Friday, January 24, 2020

Movie Review: Honeyland

Honeyland **** / *****
Directed by: Tamara Kotevska & Ljubomir Stefanov.
Honeyland opens with one of the most breathtaking and beautiful sequences of the year. Hatidze, who lives in rural Macedonia, climbs a large, rocky mountain slowly, going down narrow paths and steep passages, and then stops in front of some rocks, chips away at them, and finds what she is looking for – a thriving hive of wild bees. She takes the bees, and transports them back to her home – where she’ll seal them in a very similar setup they had in the wild. She is a wild beekeeper – the last of her kind – and she is able to keep up this delicate balance because she is the only one around, and because she follows a simple rule – she takes half the honey, and leaves the other half for the bees who made it. She gets the money from selling their honey, and they get to stay happy and fed. And then, the neighbors move in.
Honeyland is a documentary that simply sits back and observes Hatidze, and eventually the neighbors, as their conflict slowly grows. Hatidze has been here for years, all by herself except for her mother – now in her mid-80s, and stuck in bed for years. She seems relatively happy in her isolated life – either going about her busy, or taking the hours long walk into the city to sell her honey, and buy what they need to survive. She views the neighbors suspiciously when they arrive – but ultimately does want to be friends with them. She bonds with the kids, and at first the parents. But then the father starts his own honey business – with honey from breeders. Hatidze tells him to stick by her rule – take half the honey, and leave the other half. This isn’t just good for him, but vital for her – if his bees lose all of their honey, they will attack her bees to take theirs. He, of course, doesn’t listen.
This is a beautiful film – that opening sequence is breathtaking, but the entire film looks gorgeous – directors Tamara Kotevska & Ljubomir Stefanov and their cinematographers seem to have taken some lessons from Terrence Malick about the best time of day to shoot and much of the film has a beautiful, golden hue to it. They also smartly start their film with these very quiet sequences – so when the large, boisterous family eventually does come, it sounds deafening to those of us in the audience.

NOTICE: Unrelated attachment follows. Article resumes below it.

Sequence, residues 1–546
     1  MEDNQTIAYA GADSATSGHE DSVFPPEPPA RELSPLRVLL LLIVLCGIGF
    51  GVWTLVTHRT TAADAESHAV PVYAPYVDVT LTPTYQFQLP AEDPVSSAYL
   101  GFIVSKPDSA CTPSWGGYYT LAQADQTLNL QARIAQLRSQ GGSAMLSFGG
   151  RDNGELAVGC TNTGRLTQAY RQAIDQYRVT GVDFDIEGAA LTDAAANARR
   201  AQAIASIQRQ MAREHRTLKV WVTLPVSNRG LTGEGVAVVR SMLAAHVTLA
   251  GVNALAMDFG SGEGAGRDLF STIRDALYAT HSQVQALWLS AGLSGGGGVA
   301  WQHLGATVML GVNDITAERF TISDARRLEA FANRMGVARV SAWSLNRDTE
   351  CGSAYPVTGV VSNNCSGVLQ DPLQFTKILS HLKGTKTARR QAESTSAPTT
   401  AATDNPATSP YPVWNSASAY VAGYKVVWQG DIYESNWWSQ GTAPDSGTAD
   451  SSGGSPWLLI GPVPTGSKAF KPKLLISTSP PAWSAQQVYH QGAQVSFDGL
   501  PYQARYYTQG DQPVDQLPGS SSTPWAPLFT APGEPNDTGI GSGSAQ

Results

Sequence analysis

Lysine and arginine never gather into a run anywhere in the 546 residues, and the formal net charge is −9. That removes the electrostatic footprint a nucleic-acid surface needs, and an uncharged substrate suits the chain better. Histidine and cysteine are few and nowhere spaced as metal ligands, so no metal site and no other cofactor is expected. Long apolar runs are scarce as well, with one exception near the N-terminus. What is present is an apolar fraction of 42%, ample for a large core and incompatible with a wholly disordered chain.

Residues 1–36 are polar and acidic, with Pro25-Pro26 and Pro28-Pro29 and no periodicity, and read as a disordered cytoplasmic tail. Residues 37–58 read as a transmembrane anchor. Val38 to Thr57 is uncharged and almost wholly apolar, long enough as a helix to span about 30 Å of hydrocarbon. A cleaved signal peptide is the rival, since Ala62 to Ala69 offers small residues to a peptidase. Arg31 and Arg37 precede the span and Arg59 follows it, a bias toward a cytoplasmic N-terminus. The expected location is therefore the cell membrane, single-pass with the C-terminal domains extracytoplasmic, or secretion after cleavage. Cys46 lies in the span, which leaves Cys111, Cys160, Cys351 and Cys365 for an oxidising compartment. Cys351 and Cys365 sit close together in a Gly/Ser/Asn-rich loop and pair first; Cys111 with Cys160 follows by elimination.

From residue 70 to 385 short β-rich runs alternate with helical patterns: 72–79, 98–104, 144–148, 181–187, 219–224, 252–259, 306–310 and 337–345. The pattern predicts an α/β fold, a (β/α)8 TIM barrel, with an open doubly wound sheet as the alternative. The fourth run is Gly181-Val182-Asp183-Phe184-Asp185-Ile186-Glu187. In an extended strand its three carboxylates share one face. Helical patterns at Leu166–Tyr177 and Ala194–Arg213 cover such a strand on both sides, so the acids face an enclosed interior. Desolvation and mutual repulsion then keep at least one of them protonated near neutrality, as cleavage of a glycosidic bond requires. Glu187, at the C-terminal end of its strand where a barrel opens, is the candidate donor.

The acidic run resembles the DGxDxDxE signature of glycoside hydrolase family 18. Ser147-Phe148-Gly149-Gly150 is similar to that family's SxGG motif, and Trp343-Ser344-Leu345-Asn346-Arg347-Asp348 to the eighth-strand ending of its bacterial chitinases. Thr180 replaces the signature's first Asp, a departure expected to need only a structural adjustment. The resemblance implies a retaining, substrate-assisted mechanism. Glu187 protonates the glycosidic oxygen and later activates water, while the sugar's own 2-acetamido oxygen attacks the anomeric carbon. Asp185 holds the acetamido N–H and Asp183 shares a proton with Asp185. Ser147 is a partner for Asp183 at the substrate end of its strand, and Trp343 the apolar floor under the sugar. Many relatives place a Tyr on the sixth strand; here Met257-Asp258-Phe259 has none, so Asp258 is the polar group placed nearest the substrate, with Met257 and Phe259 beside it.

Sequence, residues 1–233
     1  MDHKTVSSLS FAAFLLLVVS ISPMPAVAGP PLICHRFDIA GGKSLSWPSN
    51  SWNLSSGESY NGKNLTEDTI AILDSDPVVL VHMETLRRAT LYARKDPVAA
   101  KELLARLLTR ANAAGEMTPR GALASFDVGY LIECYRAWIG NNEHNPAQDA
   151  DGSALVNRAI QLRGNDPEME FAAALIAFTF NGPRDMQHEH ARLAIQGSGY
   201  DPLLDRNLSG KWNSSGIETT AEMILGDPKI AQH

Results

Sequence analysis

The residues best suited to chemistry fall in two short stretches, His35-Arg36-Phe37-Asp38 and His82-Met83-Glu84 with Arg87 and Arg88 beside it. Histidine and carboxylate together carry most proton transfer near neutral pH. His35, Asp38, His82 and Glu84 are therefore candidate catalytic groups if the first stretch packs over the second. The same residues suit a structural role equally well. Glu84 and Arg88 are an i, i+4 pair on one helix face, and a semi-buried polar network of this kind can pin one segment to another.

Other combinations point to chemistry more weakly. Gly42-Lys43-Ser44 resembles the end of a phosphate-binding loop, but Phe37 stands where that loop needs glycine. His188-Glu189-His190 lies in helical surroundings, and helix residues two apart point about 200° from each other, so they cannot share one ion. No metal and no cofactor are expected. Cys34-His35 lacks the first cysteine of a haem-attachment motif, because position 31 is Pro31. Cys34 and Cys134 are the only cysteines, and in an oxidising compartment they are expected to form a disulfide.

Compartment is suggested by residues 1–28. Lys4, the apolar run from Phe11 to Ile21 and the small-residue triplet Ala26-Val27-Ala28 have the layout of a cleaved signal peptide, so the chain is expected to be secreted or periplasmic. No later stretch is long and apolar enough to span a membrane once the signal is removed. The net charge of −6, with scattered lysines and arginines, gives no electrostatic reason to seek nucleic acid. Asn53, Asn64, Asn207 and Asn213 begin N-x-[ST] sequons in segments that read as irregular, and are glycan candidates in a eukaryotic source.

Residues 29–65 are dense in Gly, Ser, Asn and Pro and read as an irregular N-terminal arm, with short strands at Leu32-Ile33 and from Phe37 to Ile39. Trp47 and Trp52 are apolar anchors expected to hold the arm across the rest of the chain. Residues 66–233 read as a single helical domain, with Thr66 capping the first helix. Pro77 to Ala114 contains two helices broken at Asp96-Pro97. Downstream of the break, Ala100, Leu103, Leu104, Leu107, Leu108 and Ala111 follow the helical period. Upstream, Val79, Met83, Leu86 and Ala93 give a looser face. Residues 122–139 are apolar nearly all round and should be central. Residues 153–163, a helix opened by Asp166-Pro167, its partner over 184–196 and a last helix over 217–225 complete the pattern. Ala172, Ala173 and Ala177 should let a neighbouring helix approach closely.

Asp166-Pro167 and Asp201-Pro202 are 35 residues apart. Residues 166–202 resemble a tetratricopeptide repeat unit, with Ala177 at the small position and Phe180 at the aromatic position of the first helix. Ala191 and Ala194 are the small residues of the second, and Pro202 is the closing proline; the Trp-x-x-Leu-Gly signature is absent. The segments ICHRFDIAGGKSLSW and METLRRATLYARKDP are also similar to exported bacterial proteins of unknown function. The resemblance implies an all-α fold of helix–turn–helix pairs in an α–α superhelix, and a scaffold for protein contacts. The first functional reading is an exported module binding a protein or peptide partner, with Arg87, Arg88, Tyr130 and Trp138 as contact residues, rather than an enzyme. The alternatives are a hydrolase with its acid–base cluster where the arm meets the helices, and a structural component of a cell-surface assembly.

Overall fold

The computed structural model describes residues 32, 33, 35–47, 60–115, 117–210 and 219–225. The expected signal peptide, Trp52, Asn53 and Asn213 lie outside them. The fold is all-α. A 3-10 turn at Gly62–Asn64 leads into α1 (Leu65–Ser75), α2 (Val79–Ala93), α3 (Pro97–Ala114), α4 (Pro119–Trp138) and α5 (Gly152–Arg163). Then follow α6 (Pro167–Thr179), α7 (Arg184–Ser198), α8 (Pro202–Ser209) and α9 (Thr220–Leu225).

Tamara Kotevska & Ljubomir Stefanov don’t interfere with anything – we don’t even hear them ask any questions of Hatidze, although they get some answers out of her that show some regrets – like when she talks about not having a son to one of the neighbor’s kids, or complains to her mother that she didn’t agree to marry her off when she had matchmakers around all those years ago. They also don’t interfere in other instances – ones that may make you squirm – as the bees get riled up and sting – not just the adults in the film, but also the children, who we see swollen at points.
But ultimately, Honeyland is a movie about the changing times – the conflict inherent in capitalism, and the way people use and abuse finite resources until no one has anything left. It’s also a portrait of a dying way of life – a way you may not even be aware existed in the first place. And it’s all wrapped up in a beautiful and stunning package. This is one of the year’s best documentaries.

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